The lanes in Bedfordshire are terrible; even the potholes have potholes, fly-tipping and dangerous driving made for a slow journey down ever smaller lanes. Carefully following dusty brown signs to the scheduled ancient monument, my lunch flew across the front seat and splattered on the floor as I braked to avoid a collision with a speeding white van, summer hedgerow too high to see more than 10 yards ahead. Why am I here, at the end of dusty lane on the edge of a runway? To look at a mystery wrapped up within an enigma: the scheduled ancient monument Someries Castle, which is not in fact a castle, but a fortified Manor House. But I’m not fussy!
I had no idea where I was until a control tower came into view amongst a row of oak trees quickly followed by the whine of an aircraft engine and an orange tail fin moving rapidly across the edge of a wheat field.
Luton airport occupies an enviable hill-top location, with roughly a 130 ft drop at the western end of the runway. Following the end of WW2, when it was used as a base for the RAF fighters the land was returned to the local council, which continued activity at the airport as a commercial operation. Now a busy international airport, it is hard to imagine the impact this had when it opened in 1938. Mind you, there was no EasyJet or Whizz Air flights taking off and landing every few minutes.
Someries Castle was built in the 15th century by Sir John Wenlock, soldier, local MP, diplomat, statesman and one time High Sheriff of Bedfordshire and Buckinghamshire, this unremarkable structure’s claim to fame is as one of the first brick buildings in England. The house was never completed by Wenlock, and was partly demolished in the 18th century leaving the remains of the gatehouse that incorporates the lodge and a chapel too. The original manor house and/or the earlier Norman Castle are now visible only as earthworks that outline the plot where the house originally stood, but not accessible as the site is tightly enclosed by 6 foot railings that are either designed to keep the locals out or visitors in. The palace was never completed, although an inventory of 1606 lists 20 rooms in use. Much of the building was pulled down in 1742 and subsequent 18th-century prints show the ruins largely in their present condition.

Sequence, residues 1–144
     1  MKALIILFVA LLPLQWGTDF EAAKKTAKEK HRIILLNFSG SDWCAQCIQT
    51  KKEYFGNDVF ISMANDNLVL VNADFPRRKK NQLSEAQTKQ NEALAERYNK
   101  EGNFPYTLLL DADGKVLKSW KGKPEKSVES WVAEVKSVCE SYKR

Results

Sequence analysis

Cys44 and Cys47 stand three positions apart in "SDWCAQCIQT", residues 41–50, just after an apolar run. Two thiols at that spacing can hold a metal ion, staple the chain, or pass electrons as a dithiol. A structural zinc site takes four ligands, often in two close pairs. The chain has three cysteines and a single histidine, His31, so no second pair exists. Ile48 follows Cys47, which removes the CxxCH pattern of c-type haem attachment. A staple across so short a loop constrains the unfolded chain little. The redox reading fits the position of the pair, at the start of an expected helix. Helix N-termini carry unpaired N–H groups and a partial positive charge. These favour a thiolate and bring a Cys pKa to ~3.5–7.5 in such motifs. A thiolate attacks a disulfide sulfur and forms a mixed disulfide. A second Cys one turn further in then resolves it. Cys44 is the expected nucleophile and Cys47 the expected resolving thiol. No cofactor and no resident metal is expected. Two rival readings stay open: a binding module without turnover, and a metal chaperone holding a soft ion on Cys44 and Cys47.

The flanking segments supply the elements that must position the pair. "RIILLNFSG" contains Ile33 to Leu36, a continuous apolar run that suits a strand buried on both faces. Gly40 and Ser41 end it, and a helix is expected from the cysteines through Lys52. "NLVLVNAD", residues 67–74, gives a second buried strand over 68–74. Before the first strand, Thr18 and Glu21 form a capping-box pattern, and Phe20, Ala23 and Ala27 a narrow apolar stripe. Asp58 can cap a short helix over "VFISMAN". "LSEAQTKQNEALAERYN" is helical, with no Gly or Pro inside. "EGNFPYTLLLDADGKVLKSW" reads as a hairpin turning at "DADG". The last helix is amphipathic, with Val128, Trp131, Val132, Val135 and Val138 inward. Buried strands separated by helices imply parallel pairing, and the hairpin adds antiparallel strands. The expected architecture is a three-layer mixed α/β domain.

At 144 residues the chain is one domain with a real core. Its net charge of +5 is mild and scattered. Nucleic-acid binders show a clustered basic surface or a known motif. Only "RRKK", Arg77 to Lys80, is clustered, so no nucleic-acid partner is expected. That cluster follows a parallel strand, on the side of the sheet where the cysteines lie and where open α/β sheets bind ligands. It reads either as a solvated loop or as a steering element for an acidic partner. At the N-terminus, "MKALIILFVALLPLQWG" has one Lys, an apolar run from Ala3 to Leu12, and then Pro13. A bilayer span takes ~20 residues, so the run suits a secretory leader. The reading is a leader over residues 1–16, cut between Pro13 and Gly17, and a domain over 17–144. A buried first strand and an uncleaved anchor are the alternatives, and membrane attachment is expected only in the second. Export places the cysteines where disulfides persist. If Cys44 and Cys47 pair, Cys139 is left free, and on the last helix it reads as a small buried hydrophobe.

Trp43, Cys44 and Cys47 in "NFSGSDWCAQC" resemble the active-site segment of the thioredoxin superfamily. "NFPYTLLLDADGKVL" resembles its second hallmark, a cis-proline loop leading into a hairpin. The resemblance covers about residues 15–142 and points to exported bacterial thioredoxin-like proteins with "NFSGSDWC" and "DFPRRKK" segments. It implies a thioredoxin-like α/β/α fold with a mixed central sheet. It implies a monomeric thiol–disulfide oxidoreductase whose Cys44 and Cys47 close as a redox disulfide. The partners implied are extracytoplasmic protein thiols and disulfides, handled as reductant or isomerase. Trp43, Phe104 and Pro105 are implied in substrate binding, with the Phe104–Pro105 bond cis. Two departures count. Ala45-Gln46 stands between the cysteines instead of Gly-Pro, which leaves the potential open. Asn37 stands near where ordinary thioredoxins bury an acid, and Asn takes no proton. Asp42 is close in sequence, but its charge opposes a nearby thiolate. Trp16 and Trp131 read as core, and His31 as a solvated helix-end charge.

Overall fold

Historic England refers to this structure as a palace, that would have functioned as luxury residences for the elite and their large retinues, and provided an opportunity to display wealth in the form of elaborate architecture and lavish decoration. These palaces formed an impressive setting for audiences with royalty, foreign ambassadors and other lords and bishops and it’s not unusual to find them in remote rural settings.
Sir John Wenlock – did he or didn’t he?
The site and builder are a mystery. There are survival theories aplenty; that he did not die in the field at Tewkesbury, but faked his own death (and with the help of his wife, buried another corpse in his place), that his ghost still lurks around the gatehouse, that he was a consummate fence-sitter and switched allegiance many times during the War of the Roses, that he built a system of tunnels beneath this structure, that he left a cup of gold and a chest stuffed with jewels under the care of the abbot of Glastonbury, and so it goes on.
Much of the brickwork is damaged, and there is extensive graffiti on the interior walls, but the poppies and dog roses growing wild are lovely. Someone had been in to cut the grass, and the longer I looked, and looked past the obvious damage, there are many delightful details, not least of all the remains of a splendid 15th brick-built newel staircase leading your eyes up the ruined steps that once supported a spiralling barrel-vault.
This is no castle set in aspic
I don’t like aspic. It impairs flavours, encases and suspends the contents so it’s difficult to get a good look at what’s inside. So it can be with the English countryside: often described as ‘chocolate box’ which to me says ‘sentimental and twee’, and doesn’t represent anything that resembles reality after the 1930’s.
This place is a time capsule, overlapping function and forms across seven or more centuries, from the 14th century to the present day shows the many uses of the land. Past, present and future. Sir John could never have imaged 600 years ago what would be at the bottom of his formal garden, no more than we can imagine what will be at the end of Luton Airport runway in another 600 years.
A working landscape
This working landscape doesn’t appear to have the time nor space for leisure visitors, surrounding fields and farmhouses, airport, railway and motorways all pressed in. I’m surprised Someries Castle has survived as long as it has. This pressure between agriculture, an expanding aviation industry and Chilterns heritage is quite stark. It is not conventionally pretty, unlike the space surrounding the market town of Marlow where I was the day before, yet to have such a cross section within our region is refreshing.
I am no plane-spotter, but stood awhile watching the aircraft taking off from Luton Airport, oblivious I expect to their immediate surroundings and Chilterns heritage and wider story, focused instead on their destination.
I like a busy landscape, with butterflies and bugs, locals and visitors, and agriculture and hard-edges of industry. It means the landscape is alive and the story of the Chilterns is still unfolding.
Joseph Conrad lived from 1907 – 09 in the neighbouring farmhouse whilst writing his bestselling novel Under Western Eyes.
Someries Castle is located at the end of a potholed lane in the parish of Hyde, Bedfordshire LU2 9PL
Almshouses are a fascinating curiosity left over from an age when the poor and destitute would typically fall through the gaps as universal care as we know it, did not exist.